Purposely allowing myself to get lost, I meander through some alleyways and side streets, and find myself in a bustling, crowded market street. I think I am somewhere East of Thamel, but my sense of direction is never something to be trusted.
People are stringing shimmering decorations between the two sides of the street, carefully lofting them above their heads, and over the heads of the shoppers, bikes and cars that are passing, I assume in preparation for the upcoming festival. There is an atmosphere of fun and excitement, and I am very aware that I am not in a touristy area – this is where the locals come.
So often in beautiful situations, there might be something missing, but here, in the small streets of Kathmandu, teaming with people – there is one thing too much traffic.
Even in the smallest of alleys that I pursue, ones that are not more than two metres across, there are motorbikes noisily squeezing through, kicking up dust onto the jewellery storefronts, as small children jump out of their path. How do people shop here, never being able to relax? Always being on their guard? I know that I am not used to always looking around me when I shop, a habit formed from the luxury of large pedestrian walkways that line shop windows and store fronts.
So many places in the world have areas of busy shopping precincts or business centres that are void of traffic. I pass the Sari shops and copper wares, and wish that I could enjoy the experience without always wondering whether my heels are going to be ridden into by a rickshaw, and without having to always be looking around me – am I in a motorbikes way? Should I walk on the left of that person coming towards me, or will that put them in the line of the taxi coming up behind me?
Think about Thamel, and its negatives. There are no sidewalks, there is traffic, there is dust, immense noise pollution, and there are sometimes overly forceful vendors. And people, there are a lot of people. Take out the traffic – even just 80% of it, allowing rickshaws, bicycles and the vehicles of business owners and residents to remain – and what you have is a clearer, cleaner shopping precinct that can be truly enjoyed by tourists. People could walk at whatever speed they wished, not feeling hurried along by the movement of cars and motorbikes pushing them in certain directions. And people could peruse every store from the outside first, evaluating whether they want to look inside, not wondering whether a taxi pushing past will force them up onto a shop doorstep and into the arms of an excited vendor.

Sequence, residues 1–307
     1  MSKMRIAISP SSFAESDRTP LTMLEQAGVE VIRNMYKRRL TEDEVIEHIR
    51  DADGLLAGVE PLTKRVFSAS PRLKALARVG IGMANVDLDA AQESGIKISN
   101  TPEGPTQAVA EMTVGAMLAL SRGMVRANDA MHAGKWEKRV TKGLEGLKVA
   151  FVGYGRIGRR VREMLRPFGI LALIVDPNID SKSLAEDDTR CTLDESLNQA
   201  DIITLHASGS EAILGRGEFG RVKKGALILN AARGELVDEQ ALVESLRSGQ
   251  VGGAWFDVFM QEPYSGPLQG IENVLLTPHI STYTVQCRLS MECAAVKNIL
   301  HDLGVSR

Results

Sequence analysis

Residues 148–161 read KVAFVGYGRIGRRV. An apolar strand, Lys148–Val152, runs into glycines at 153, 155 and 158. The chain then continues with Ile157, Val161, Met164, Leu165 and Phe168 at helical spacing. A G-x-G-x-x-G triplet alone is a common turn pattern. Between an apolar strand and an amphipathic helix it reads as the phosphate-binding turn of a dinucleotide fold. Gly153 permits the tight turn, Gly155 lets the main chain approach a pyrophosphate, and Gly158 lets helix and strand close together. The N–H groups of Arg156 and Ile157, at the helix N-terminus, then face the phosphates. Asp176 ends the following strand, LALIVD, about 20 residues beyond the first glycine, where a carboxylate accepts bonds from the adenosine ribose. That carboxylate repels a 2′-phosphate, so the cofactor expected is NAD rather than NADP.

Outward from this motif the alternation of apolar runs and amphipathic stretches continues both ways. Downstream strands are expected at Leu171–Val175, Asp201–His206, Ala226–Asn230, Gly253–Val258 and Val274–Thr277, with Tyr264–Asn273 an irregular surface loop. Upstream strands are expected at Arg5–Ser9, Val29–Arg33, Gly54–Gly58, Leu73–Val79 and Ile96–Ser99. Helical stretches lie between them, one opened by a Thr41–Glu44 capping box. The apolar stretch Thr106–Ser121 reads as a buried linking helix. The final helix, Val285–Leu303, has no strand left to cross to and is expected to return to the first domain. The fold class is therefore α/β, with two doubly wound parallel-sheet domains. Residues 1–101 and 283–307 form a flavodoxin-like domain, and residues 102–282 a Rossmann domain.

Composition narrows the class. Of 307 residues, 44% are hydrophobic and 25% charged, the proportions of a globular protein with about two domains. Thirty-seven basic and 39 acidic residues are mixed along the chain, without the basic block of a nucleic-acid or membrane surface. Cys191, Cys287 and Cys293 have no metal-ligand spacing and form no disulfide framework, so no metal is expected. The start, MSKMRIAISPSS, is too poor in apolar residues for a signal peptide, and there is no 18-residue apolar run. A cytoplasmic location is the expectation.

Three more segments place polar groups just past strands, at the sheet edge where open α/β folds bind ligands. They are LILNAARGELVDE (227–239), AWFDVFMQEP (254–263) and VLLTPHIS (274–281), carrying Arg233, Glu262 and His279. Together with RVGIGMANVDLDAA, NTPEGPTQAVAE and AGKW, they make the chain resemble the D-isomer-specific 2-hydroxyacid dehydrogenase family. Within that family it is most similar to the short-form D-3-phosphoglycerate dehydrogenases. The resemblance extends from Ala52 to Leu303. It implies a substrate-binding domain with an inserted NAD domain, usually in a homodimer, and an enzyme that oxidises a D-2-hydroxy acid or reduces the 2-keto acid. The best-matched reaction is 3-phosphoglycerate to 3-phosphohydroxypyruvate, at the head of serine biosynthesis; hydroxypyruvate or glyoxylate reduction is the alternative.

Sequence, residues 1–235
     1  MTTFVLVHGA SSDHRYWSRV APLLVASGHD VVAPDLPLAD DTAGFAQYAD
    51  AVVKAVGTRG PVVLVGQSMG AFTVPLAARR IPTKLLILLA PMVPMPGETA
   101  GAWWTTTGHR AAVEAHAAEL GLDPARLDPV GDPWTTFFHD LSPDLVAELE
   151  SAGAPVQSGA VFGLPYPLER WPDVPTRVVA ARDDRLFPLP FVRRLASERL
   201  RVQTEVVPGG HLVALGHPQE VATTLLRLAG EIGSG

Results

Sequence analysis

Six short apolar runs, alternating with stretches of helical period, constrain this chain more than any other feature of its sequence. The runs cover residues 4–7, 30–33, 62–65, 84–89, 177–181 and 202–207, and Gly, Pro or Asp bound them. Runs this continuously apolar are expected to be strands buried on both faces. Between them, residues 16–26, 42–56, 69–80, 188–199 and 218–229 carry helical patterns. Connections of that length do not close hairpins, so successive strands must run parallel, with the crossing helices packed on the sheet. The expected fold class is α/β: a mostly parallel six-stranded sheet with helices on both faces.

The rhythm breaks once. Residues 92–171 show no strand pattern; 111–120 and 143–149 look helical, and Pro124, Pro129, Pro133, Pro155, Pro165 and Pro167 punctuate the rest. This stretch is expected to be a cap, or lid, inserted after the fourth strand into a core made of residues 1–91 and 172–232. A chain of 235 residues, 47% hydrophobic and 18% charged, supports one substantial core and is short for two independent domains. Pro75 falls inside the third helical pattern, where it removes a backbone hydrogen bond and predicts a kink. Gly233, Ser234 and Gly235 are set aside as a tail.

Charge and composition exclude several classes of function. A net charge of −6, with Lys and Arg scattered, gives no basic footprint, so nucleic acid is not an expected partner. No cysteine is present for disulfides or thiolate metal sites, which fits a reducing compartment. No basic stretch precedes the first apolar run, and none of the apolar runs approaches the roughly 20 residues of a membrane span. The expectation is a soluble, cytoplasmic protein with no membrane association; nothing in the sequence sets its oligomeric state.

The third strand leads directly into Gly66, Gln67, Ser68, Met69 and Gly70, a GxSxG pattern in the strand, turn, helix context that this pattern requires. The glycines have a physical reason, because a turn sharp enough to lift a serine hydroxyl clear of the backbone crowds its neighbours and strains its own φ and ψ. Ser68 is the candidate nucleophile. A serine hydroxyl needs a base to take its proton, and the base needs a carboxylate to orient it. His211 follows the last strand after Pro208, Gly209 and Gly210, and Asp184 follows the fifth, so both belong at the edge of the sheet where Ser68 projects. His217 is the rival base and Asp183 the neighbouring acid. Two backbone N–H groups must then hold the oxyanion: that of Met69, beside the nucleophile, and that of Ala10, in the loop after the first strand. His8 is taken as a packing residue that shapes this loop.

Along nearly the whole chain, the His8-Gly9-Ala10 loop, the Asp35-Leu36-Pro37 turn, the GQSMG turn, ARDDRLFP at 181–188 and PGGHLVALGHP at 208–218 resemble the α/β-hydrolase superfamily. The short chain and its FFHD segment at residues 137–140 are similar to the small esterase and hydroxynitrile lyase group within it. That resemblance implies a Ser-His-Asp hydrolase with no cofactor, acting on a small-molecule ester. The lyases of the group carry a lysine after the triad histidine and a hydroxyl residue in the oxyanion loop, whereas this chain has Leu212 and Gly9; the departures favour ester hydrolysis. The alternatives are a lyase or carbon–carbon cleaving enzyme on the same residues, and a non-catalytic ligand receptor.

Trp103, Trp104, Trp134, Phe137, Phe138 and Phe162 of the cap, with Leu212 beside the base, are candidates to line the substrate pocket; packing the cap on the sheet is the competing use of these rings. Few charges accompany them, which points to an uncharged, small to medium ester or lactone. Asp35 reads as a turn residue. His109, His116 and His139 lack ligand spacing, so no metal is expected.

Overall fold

And the silence – well, silence compared to the cacophony of a hundred honking horns – imagine the experience of this lively, exhilarating part of Kathmandu without the constant sounds of car horns?
Other areas too, like the market street that I wander through – would it not be better to limit the amount of traffic streaming through these busy streets, and protect the store owners’ products somewhat from the damage of the dirt and dust? And those tiny alleyways – surely they could be off limits for safety’s sake?
Perhaps I am looking at this all through an outsider’s eyes – but I can only see positives in limiting traffic to certain streets. People will always find taxis – and taxi ranks could be arranged so the tourists always know where to find one, and drivers would receive work fairly based on who is first available. Noise, dust and damage to sellers’ wares would decline, and tourists (and perhaps locals too) would overall enjoy their Thamel shopping or dining experience to a greater degree.
Jacqueline Damen is an intern from Australia. She can reach at email@example.com